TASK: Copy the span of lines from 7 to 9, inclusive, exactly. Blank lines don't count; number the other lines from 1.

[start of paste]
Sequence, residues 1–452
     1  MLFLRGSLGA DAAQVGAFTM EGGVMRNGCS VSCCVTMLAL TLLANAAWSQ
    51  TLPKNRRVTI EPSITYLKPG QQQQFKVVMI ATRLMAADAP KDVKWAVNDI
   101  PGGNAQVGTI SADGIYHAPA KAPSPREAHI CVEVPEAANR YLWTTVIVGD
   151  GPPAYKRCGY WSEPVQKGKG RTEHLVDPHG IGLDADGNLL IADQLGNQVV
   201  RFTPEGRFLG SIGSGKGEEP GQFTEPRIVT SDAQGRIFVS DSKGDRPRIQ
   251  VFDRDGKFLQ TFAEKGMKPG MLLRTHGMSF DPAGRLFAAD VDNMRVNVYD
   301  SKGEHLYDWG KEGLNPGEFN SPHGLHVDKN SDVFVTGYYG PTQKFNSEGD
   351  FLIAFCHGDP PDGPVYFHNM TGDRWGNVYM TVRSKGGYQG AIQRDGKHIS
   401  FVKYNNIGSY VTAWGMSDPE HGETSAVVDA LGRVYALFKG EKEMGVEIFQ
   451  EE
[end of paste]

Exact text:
   251  VFDRDGKFLQ TFAEKGMKPG MLLRTHGMSF DPAGRLFAAD VDNMRVNVYD
   301  SKGEHLYDWG KEGLNPGEFN SPHGLHVDKN SDVFVTGYYG PTQKFNSEGD
   351  FLIAFCHGDP PDGPVYFHNM TGDRWGNVYM TVRSKGGYQG AIQRDGKHIS